Fascinating ... Here, Borman’s deep background knowledge serves her—and the reader—well. The pages and years fly by, and one has the feeling of stepping into an engaging historical lecture by a master of the subject ... For readers curious about royal history or fascinated by the styles of leaders in our own time, Henry VIII: And the Men Who Made Him makes for a compelling read. And it will hopefully tide committed Tudor fans over until Mantel’s The Mirror and the Light, the final book in her trilogy about Cromwell, comes out—whenever that may be.
Beautifully perceptive and dynamic ... Readers will be intrigued by Borman’s tales of the interactions between the king and Charles Brandon, Cardinal Wolsey, Thomas More, Eustace Chapuys, and Thomas Howard, Duke of Norfolk ... in this highly engrossing biography, the notoriously larger-than-life English monarch, seen from an original and revealing perspective, lives anew in full color and in the epic proportions he so well deserves. For all Tudor enthusiasts.
Borman has set aside the usual feminised beats of Henry’s reign (divorced, beheaded, died) to see the king through his interactions with other males ... Borman is a steady guide to this sad compendium of tyranny, although her book might have been arranged with a more ambitious format. The cover of my review copy depicts Henry surrounded by six men in place of six queens; a tighter focus on fewer characters would have elevated the book from a simple biography leaning into the customary sources.
Borman, the joint chief curator for Historic Royal Palaces, claims that this 'biography from the outside in' offers 'a new perspective'. That’s not quite true, since others, including Hilary Mantel, have ploughed a similar furrow. Leaving aside its grandiose boasts, Henry VIII and the Men Who Made Him does offer some interesting insights into the king’s character.
... we know much less about the men who served Henry, from his closest spiritual advisors to his shrewdest economic counselors. Tracy Borman’s Henry VIII and the Men Who Made Him tries to remedy that ill, with mixed results ... The background [Borman] provides, though somewhat long-winded, does indeed lead the reader to a greater understanding of Henry VIII’s lifelong motivations and bugbears, which were many and varied ... Borman does an excellent job describing Henry’s upbringing, from enumerating his talented tutors to depicting his participation in lavish court celebrations ... Regrettably, the author’s writing begins to veer off track as she chronicles Henry’s ascent to the throne ... Borman has cast her net of research so wide that it’s difficult, at least at first, to distinguish who the truly important figures were. By introducing so many minor players, she complicates the narrative ... Though at times confusing and meandering, Tracy Borman’s Henry VIII and the Men Who Made Him is a solid portrayal of a monarch who, after hundreds of years, still manages to capture and hold the imagination of generations.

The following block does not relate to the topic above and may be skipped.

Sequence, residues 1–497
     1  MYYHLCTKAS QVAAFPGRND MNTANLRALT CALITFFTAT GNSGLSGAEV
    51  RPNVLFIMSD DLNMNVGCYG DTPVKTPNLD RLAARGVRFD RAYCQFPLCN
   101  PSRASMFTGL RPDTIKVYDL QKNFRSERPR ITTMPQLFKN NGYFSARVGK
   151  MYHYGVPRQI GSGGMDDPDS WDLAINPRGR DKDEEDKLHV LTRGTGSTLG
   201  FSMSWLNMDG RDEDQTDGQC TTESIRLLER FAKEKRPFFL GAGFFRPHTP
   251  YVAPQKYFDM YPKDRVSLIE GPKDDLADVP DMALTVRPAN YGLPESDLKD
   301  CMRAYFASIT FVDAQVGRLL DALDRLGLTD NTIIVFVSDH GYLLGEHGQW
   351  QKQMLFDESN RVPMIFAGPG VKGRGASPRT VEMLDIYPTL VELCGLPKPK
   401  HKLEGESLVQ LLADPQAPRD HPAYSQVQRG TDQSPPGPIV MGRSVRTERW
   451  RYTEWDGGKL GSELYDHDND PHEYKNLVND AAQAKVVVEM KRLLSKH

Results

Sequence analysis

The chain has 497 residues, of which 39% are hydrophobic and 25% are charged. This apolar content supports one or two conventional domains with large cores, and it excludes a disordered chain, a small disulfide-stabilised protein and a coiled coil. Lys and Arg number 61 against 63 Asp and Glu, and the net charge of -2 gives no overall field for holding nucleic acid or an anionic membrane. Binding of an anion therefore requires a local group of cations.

Borman essentially puts aside Henry VIII’s notorious and well-hashed relationships with women in favor of showcasing stories of the advisers and servants who surrounded the intelligent, mercurial king ... While such a large cast of figures could easily allow some to get lost, Borman’s enjoyable narrative revisits many of these men over a span of several years ... Borman’s astute analysis of Henry’s personality demonstrates how both low-born and noble advisers affected his reign ... Borman’s ambitious narrative shows that being a man in Henry’s court could be just as fraught—and fascinating.
Borman skillfully shows Henry maneuvering his men like chess pieces; when they opposed him, they suffered violent downfalls ... Tudor fans will enjoy this outside-in biography as a different view of a complicated monarch.